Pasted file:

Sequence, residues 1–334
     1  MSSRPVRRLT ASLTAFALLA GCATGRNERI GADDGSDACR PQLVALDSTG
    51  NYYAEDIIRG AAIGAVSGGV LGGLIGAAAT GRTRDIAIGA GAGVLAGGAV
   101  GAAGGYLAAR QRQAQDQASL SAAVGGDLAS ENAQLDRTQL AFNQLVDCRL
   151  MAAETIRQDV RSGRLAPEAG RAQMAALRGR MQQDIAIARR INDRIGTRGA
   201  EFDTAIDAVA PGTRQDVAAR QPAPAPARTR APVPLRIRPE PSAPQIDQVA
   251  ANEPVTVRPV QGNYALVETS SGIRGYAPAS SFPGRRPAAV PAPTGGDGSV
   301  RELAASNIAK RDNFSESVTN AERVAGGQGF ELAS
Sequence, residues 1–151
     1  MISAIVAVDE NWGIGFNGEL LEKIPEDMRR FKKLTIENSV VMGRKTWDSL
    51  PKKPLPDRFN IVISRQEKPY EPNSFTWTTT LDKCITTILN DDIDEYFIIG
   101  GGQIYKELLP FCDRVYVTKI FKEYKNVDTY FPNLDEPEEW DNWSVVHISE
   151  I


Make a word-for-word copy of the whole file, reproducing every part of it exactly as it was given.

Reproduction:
Sequence, residues 1–334
     1  MSSRPVRRLT ASLTAFALLA GCATGRNERI GADDGSDACR PQLVALDSTG
    51  NYYAEDIIRG AAIGAVSGGV LGGLIGAAAT GRTRDIAIGA GAGVLAGGAV
   101  GAAGGYLAAR QRQAQDQASL SAAVGGDLAS ENAQLDRTQL AFNQLVDCRL
   151  MAAETIRQDV RSGRLAPEAG RAQMAALRGR MQQDIAIARR INDRIGTRGA
   201  EFDTAIDAVA PGTRQDVAAR QPAPAPARTR APVPLRIRPE PSAPQIDQVA
   251  ANEPVTVRPV QGNYALVETS SGIRGYAPAS SFPGRRPAAV PAPTGGDGSV
   301  RELAASNIAK RDNFSESVTN AERVAGGQGF ELAS
Sequence, residues 1–151
     1  MISAIVAVDE NWGIGFNGEL LEKIPEDMRR FKKLTIENSV VMGRKTWDSL
    51  PKKPLPDRFN IVISRQEKPY EPNSFTWTTT LDKCITTILN DDIDEYFIIG
   101  GGQIYKELLP FCDRVYVTKI FKEYKNVDTY FPNLDEPEEW DNWSVVHISE
   151  I